Saruman has Isengard, the White Witch Jadis has her Castle, and Davy Jones has the Flying Dutchman. While the title is a bit tongue-in-cheek, it’s important to consider where your villain lives and works. Do they have one lair, or many? Is their lair an impenetrable fortress or a hidden grotto? Can it fly? Get ready, because we’re going to dive into lairs! We’ll cover what they are, how to use them, and what you need to give your villain the coolest hideout this side of Mount Doom.
A villain’s lair needs to fulfill a few key purposes to qualify as a lair: it must provide them safety to recover and rest, it must offer them a place to store resources they have acquired (which can be supplies, items, allies, or something else), and it must have some kind of protection. The first one is pretty obvious, if a villain is wounded or if their schemes fall through, they need somewhere to go while they plan their next move. The second one primarily exists to offer the players a way to strike back against the villain, because if the resources the villain acquire are stored somewhere, they can be stolen. Finally, a lair needs defenses. Simply being hidden can be a lair’s only defense, but as a villain becomes more powerful, the defenses around their lair often grow stronger to match.
Does every villain need a lair? No, some villains operate without a lair, but these are very much the exception. What is more common is for a villain to have a lair that the players don’t need to visit. Let’s look at one of my personal favorite movie villains, Godzilla. Godzilla goes somewhere, deep in the ocean, after the movie is over, but the details aren’t important. What’s important is that the city is safe! Now, in a tabletop RPG, your players are more likely to want to kill Godzilla than let him peacefully return to his lair, but the point is: unless there’s something in the lair they need to acquire or destroy, your players may not visit it, and that’s okay! In Tyrants & Hellions, villains like this will always have some advantage to be gained if the players do visit the lair (knowledge about the villain, a weak point they can exploit, or similar), but with a note that visiting the lair is optional.
What about multiple lairs? Voldemort in the Harry Potter series is an excellent example of a villain with many lairs, one for each horcrux, and if you used such a villain in your game, the players would have to visit each of the lairs in turn to destroy them all. And while Voldemort also has personal lairs (that the protagonists visit more than once), the final battle against him takes place outside all of them. Even for a villain that makes extensive use of lairs, the showdown doesn’t necessarily take place in one. We’ll talk more about fighting villains in next week’s posts, for now, let’s get back to lairs.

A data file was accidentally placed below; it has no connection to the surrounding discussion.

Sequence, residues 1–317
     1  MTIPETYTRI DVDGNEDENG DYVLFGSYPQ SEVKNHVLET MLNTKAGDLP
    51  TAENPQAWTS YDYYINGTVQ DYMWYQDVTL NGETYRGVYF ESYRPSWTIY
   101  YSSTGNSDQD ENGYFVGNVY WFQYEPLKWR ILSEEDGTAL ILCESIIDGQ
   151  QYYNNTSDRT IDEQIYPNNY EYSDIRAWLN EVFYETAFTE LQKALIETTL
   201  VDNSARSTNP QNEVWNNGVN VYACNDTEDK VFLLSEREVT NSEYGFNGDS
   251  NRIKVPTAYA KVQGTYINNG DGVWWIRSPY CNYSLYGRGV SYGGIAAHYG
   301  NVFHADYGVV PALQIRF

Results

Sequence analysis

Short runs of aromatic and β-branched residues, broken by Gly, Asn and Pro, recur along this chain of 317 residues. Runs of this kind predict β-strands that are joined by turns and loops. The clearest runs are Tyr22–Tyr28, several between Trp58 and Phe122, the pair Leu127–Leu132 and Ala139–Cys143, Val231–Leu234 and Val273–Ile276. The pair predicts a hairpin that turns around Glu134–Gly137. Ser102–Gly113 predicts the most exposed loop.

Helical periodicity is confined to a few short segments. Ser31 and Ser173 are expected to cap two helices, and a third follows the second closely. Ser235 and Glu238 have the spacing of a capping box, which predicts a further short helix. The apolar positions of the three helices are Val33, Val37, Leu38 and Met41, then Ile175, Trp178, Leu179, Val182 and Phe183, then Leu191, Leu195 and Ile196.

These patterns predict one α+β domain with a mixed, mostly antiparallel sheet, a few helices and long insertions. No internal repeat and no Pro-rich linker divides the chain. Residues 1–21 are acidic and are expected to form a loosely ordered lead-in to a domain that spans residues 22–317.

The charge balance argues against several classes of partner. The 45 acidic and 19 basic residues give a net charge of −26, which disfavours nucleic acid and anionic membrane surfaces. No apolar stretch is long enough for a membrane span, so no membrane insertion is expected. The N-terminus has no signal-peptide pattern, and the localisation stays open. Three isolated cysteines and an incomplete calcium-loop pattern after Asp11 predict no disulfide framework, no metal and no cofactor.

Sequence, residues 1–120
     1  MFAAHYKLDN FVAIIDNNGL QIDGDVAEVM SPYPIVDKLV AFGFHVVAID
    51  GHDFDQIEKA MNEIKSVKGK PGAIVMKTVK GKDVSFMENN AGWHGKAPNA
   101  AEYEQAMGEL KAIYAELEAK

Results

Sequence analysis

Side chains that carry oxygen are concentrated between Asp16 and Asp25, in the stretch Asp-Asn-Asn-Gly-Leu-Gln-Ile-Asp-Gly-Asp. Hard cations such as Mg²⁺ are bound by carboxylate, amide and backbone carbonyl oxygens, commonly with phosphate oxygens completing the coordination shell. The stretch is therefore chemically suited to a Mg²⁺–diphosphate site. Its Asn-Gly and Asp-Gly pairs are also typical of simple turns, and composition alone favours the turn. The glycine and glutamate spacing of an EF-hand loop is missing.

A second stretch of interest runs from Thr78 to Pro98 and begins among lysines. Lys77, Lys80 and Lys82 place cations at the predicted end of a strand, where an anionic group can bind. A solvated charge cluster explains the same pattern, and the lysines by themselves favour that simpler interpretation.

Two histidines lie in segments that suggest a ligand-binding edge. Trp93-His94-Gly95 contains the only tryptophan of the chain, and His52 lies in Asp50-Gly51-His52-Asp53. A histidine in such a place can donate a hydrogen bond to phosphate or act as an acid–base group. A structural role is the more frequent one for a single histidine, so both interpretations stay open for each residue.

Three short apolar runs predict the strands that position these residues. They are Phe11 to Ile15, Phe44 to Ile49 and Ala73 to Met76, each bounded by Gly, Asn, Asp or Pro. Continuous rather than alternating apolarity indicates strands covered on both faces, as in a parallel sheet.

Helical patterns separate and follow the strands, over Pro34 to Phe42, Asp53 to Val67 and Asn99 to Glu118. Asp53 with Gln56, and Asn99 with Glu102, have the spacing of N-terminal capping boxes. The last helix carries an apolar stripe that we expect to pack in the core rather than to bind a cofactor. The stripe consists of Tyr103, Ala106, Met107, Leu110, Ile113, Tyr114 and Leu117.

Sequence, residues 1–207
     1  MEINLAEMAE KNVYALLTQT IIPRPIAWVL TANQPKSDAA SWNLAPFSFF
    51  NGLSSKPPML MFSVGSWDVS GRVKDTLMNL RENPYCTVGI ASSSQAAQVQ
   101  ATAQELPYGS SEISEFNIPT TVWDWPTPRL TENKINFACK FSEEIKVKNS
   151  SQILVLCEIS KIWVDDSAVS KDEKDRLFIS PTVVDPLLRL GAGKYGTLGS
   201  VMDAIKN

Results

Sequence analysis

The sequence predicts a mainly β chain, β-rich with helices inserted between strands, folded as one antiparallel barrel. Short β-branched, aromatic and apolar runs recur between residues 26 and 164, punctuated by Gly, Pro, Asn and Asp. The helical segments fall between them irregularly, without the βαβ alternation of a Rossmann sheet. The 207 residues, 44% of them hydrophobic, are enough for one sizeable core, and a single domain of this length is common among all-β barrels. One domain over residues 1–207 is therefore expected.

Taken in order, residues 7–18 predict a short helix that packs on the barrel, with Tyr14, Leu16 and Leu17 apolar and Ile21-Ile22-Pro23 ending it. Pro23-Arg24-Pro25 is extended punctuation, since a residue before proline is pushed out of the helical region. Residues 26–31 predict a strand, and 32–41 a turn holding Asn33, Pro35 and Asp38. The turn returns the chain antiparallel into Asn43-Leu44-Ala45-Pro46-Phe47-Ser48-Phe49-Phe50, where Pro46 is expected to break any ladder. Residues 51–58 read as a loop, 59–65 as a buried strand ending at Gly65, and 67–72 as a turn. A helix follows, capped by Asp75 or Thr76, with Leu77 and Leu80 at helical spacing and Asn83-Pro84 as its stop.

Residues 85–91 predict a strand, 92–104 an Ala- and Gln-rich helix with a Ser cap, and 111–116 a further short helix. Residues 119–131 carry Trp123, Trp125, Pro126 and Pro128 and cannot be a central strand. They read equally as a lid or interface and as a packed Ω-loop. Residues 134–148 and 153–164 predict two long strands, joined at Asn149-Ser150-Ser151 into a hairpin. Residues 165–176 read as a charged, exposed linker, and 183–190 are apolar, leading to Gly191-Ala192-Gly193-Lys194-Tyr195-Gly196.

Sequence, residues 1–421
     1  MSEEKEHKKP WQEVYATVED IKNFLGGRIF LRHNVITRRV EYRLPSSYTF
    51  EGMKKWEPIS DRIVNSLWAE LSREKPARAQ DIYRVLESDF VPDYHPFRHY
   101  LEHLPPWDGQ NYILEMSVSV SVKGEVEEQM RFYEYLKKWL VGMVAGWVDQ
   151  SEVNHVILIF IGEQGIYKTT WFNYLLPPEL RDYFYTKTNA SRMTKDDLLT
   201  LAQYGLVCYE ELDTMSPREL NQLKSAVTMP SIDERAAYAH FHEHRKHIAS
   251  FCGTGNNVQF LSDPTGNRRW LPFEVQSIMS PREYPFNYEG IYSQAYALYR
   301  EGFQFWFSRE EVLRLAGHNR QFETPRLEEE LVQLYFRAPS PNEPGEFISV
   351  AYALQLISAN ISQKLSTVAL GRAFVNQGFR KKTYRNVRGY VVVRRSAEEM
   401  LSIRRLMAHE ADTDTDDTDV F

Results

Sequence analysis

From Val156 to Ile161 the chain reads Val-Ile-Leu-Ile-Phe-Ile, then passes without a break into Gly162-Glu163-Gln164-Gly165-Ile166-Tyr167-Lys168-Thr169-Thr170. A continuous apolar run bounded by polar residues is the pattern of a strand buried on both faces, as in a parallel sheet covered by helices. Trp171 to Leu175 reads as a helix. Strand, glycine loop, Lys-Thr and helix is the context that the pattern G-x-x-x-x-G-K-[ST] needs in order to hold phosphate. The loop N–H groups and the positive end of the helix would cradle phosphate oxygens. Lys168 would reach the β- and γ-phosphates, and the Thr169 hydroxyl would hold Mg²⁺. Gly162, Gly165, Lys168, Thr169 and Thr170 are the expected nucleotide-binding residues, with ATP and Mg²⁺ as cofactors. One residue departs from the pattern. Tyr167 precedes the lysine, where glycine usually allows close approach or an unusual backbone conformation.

Location of a Lair
I’d like to touch on the subject of location, which is important enough it’ll get a pair of posts focusing on it, and present the two main options for lairs: hidden or obvious. Hidden lairs are sequestered away, protected by secrecy as much as other defensive mechanisms. Part of the challenge in taking down the villain is finding them in the first place. Some examples from fiction include the Black Fortress from Krull (which teleports to a new location every morning), the Chandrian from the Kingkiller Chronicles (no one is sure where they come from), or even the Hall of Doom frequented by DC Comics supervillains (which hides submerged in a swamp).
Obvious lairs, on the other hand, are easy to find. There are many well known examples in fiction, including just about every villain in a James Bond movie (and the many movies that parody them), the Death Star from Star Wars (this includes both Death Stars), and one of the classics, Count Dracula’s Castle (or the castle of Strahd von Zarovich of Ravenloft fame). With an obvious lair, you know where the villain is, and the challenge is in acquiring the information and strength needed to break into the lair and make it out alive.
And last but certainly not least in this post, let’s talk about mobile lairs. Whether it’s something for the heroes to use like the S.H.I.E.L.D. Helicarrier from Marvel comics or a villain’s home like the dirigible of Charles Muntz in Pixar’s UP, a flying base is undeniably cool. There’s even a historic precedent in folklore with the chicken-legged hut of Baba Yaga the witch! The greatest advantage of mobile lairs is that they can flee from danger, or move to the site of a scheme to bring extra resources to bear when needed. If your villain has a mobile lair, it’s likely their doomsday scheme involves bringing it somewhere. This also opens up options for player actions, potentially forcing them to disable the lair’s mobility before they can take serious action against the villain, or surprising them by having the lair move with them still inside it, taking them into unfamiliar and unfriendly territory. The options are limitless!
So that’s a quick overview of lairs as they will appear in Tyrants & Hellions. You can expect more details in the coming days, starting with a look at the pros and cons of hidden and obvious lairs, and following it up with a pair of posts discussing minions and traps and how to best put both to use when designing a villainous stronghold.
Steven Gordon - 2CGaming Team
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